If the decision for vasectomy had been taken in haste, people often regret it later and look for options that will bring back their ability to reproduce. While this might sound impossible, medical science offers a way out to almost any health complicacies, and a vasectomy is not an exception. If one has changed the decision and is willing to have babies, they can do so by opting for vasectomy reversal. However, the process of vasectomy reversal is not as simple as a vasectomy, and in several cases, there can be complications that require greater efforts to resolve. If one intends to opt for vasectomy reversals, one can visit the best urologist to learn more about the process.
How Does Vasectomy Reversal Process Work?
The procedure for vasectomy reversal involves reconnecting the vas deferens, which will eventually allow the mixture of the sperm with the semen during ejaculation. This helps a man regain the capability of impregnating his female partner.
Although this process seems simple, it can retain complicacies in rare conditions when the tube tends to attach to the epididymis. In such cases, merely joining the tube would not prove successful. The doctor first needs to detach the vas from the epididymis using a microscope and finally remove the tube to attach them.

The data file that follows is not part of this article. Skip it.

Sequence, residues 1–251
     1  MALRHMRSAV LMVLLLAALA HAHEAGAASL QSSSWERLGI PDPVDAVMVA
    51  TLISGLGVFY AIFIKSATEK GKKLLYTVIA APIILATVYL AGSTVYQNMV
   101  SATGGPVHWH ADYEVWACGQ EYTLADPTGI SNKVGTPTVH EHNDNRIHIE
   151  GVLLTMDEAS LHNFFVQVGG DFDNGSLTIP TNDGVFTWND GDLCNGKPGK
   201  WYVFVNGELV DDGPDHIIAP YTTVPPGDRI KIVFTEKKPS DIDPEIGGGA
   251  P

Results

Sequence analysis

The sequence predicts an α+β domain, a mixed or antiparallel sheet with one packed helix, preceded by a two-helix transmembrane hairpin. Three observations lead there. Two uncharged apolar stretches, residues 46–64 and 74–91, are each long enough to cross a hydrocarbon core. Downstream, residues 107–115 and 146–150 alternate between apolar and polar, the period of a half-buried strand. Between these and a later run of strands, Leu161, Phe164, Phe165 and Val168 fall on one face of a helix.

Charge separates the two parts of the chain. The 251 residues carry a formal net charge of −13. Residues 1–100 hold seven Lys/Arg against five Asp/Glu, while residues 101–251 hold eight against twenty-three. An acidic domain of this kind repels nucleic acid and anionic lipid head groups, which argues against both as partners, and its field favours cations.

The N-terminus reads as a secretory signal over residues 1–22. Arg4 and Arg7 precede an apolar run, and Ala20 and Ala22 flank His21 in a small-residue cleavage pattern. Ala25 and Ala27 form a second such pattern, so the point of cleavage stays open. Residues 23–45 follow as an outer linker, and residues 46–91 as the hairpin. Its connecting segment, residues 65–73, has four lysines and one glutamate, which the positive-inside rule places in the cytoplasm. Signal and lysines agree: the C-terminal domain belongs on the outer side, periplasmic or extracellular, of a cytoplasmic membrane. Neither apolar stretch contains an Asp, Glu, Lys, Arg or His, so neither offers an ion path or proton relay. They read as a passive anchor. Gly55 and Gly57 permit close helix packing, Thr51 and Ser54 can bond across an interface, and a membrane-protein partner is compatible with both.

Vasectomy reversal is generally an outpatient treatment, meaning one doesn’t need to visit to stay in the hospital. The surgery is typically done in the chamber of the urologist. The patient generally stays awake throughout the treatment, but if it is a rare condition that requires a surgical microscope, local anesthesia will be used. Therefore, the anesthesiologist and the urologist need to cooperate for a successful surgery.
Treatment For Vasectomy Reversal:
The most common treatment for vasectomy reversal is microsurgery which a professional urologist typically performs. A powerful microscope is used for the procedure through which small tubes in the vas deferens are separated when they get attached to the epididymis in rare cases. The process is quite complicated, and the stitches are usually much thinner.
After ensuring that the patient is asleep, the urologist will identify the particular spot of the tube to make small scrotum cuts. The tubes being previously stitched, the vas deferens need to be cut from the edges to do away with the stitches and open the tubes.
This will be followed by the collection of vassal fluids by the urologist to ensure that one is producing sperm. Once it is found that sperms are being produced, the ends of the vas deferens will be joined and stitched.
However, if the urologist doesn’t find sperm in the fluid, another surgery must be performed to ensure the successful production of sperm.